The article is about government secrecy and obfuscation (“ I quite simply misled myself”) (a review in the London Review of Books of The State of Secrecy: Spies and the Media in Britain, by Richard Norton-Taylor)
His second point, desperately urgent in these early months of Boris Johnson’s administration, is that the law has often stood up for open government and rejected the establishment’s ingrained secrecy. Most people probably assume that when a government decision lands before a court, the judges move to the bench with a bucket of Cabinet Office whitewash ready beside their chairs. This has often been true in the past. Now it is not.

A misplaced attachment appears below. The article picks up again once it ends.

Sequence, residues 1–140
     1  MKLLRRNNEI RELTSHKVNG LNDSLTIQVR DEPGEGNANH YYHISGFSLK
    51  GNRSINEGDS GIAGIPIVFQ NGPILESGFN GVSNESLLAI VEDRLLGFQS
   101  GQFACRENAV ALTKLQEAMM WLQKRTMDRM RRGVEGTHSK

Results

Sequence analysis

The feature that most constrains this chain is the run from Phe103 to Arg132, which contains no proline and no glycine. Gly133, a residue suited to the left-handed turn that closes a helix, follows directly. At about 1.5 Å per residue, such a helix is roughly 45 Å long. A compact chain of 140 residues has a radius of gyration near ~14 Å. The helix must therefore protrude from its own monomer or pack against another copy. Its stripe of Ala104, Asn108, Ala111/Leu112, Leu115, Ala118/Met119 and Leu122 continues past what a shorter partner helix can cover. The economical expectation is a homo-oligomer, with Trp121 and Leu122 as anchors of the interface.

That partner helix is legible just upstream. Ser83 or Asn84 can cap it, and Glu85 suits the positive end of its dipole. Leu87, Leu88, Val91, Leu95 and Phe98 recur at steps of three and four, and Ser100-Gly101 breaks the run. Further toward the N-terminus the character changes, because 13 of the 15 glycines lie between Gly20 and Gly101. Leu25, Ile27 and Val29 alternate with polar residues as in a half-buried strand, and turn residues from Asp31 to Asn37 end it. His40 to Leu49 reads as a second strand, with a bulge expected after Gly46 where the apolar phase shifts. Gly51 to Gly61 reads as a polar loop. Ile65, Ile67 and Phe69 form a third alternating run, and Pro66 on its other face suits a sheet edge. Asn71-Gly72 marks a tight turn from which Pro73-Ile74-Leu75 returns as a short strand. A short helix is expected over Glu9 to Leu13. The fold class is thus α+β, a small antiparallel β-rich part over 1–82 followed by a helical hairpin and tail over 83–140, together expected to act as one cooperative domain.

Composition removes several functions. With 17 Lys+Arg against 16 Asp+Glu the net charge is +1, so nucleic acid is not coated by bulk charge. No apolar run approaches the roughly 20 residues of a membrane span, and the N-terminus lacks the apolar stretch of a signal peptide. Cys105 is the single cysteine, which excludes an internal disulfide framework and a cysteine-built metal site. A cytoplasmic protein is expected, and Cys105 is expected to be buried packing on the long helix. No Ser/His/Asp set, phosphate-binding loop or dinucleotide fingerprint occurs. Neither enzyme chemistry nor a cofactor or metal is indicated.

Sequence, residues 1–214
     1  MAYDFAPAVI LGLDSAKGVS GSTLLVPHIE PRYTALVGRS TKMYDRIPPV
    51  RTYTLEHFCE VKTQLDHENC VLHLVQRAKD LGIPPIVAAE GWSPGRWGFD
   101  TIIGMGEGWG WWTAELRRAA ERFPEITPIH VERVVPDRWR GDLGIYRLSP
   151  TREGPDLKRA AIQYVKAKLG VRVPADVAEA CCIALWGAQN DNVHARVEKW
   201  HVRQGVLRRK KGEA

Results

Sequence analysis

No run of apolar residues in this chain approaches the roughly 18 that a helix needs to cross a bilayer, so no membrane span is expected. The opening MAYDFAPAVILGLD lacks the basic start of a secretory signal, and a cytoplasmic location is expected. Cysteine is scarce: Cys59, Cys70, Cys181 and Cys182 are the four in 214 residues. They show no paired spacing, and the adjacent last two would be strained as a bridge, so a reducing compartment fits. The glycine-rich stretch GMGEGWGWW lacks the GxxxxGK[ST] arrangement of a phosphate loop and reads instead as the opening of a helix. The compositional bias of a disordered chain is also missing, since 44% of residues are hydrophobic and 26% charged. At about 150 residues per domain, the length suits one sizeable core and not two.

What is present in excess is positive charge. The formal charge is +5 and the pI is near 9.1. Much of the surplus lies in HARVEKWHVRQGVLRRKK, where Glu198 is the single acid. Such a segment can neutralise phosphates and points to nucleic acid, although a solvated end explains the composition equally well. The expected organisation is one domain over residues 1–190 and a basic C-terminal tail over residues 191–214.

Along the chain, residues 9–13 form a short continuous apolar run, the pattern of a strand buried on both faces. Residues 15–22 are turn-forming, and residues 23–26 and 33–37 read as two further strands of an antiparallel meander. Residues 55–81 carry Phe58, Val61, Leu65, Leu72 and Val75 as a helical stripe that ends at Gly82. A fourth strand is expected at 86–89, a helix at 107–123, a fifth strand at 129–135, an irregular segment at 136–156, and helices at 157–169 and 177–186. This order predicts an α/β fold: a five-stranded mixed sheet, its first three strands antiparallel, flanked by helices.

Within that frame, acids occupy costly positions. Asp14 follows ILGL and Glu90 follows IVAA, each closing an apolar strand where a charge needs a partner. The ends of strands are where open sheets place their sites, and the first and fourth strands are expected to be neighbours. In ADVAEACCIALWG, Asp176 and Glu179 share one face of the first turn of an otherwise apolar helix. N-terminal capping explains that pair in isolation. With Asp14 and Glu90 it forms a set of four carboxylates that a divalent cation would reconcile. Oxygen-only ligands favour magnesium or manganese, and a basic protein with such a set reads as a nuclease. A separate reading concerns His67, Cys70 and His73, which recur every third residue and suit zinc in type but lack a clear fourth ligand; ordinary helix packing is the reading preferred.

One can but only hope that the whitewash is less scarce than protection.